Given this history and the intimate relationship Paul had with the Ephesians, we can easily see the concern that Paul had for the Ephesian Christians some several years down the line. In Roman captivity, under house arrest, the apostle Paul still thought of the churches and the Christians he had brought to Christ. He thought of the Colossians, the Laodiceans, the Philippians, and others. And the Ephesians too. He was particularly worried about these Ephesian fellow Christians. About the threat of the false teachers – their “cunning and deceitful schemes”. About the danger of their falling back to their former pagan immorality and idolatry ways. About their pride and the desire to be above others, which would be potentially fatal to the church because this would cause divisions in the church and tear it apart. About their personal relationships: husbands and wives, children and parents, slaves and masters. There were so many concerns hanging over the head of the apostle as he thought about these Ephesian Christians. But uppermost in his mind, he was concerned about their faith – that they would give it up and fall away. The devil had so many devices, so many resources at his disposal – the attraction of alternative and philosophical teachings, the allurement of the old and easy ways of life, the unremitting call from neighbours and friends to return to the worship of Artemis, the temptation to be ‘big brother’ with command over a group of submissive followers; so many distractions to take the Ephesians away from the truth of the gospel and from their faith allegiance to God the Father, to Christ the Lord, and to the Holy Spirit the earnest of their hope.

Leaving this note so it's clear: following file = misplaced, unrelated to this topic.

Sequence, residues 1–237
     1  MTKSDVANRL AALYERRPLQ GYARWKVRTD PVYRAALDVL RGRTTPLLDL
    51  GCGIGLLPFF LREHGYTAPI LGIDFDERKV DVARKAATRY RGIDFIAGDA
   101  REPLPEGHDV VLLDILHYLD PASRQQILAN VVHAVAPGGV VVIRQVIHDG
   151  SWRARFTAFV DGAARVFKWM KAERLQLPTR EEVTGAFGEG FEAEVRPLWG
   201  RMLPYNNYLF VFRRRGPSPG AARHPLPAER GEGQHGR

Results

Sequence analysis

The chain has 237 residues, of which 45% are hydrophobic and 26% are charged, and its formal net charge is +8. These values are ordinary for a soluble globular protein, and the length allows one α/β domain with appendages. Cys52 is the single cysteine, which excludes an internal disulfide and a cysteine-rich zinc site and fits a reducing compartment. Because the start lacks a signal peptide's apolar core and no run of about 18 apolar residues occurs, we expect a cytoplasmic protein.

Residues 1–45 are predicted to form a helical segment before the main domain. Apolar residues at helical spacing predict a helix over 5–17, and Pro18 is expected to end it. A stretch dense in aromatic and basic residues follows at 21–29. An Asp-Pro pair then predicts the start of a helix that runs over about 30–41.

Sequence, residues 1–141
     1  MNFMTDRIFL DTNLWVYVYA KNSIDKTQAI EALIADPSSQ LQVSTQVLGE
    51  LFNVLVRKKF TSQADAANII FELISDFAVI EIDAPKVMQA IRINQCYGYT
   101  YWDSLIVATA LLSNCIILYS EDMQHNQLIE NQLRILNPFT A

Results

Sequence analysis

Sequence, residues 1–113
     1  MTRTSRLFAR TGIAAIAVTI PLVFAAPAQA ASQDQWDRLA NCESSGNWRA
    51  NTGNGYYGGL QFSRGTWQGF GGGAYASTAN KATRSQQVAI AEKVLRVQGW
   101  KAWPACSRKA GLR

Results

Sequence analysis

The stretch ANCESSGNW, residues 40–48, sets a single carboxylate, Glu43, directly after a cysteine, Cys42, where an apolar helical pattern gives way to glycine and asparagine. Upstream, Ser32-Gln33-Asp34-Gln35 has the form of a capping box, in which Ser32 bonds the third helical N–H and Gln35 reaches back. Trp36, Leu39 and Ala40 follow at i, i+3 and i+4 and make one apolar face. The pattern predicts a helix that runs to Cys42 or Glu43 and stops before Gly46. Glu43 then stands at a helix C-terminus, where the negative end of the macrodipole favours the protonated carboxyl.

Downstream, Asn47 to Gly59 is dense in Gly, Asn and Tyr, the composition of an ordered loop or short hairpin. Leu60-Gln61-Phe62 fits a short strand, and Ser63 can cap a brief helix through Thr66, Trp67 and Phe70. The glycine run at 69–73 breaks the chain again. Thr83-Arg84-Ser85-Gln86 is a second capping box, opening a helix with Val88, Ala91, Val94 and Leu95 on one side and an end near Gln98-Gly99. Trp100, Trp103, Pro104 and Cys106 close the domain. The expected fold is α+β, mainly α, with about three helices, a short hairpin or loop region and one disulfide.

Paul would have said so many words of encouragement and admonition and instruction to the Ephesians if only just to keep them faithful and stay true to the cause of Christ. And he did say so many words of encouragement and admonition and instruction. But would these be enough? Could Paul say more and write more so that he could be sure that his message would get across to the Ephesians and they would heed his words such that they become “imitators of God”; that they maintain “the unity of the Spirit in the bond of peace”; that they reach “unity in the faith and in the knowledge of the Son of God”; that they “become mature, attaining to the whole measure of the fullness of Christ”; that they “speak the truth in love”; or, that they “be kind and compassionate to one another, forgiving each other”; or, that they “speak to one another with psalms, hymns and spiritual songs”; or, that they “submit to one another out of reverence for Christ”. So many instructions, words of encouragement and admonition; and yet would all these suffice? What was missing? What more could be added? What would be an appropriate and clinching last word of encouragement and instruction? Paul must have thought about this as he thought about bringing his epistle to a close.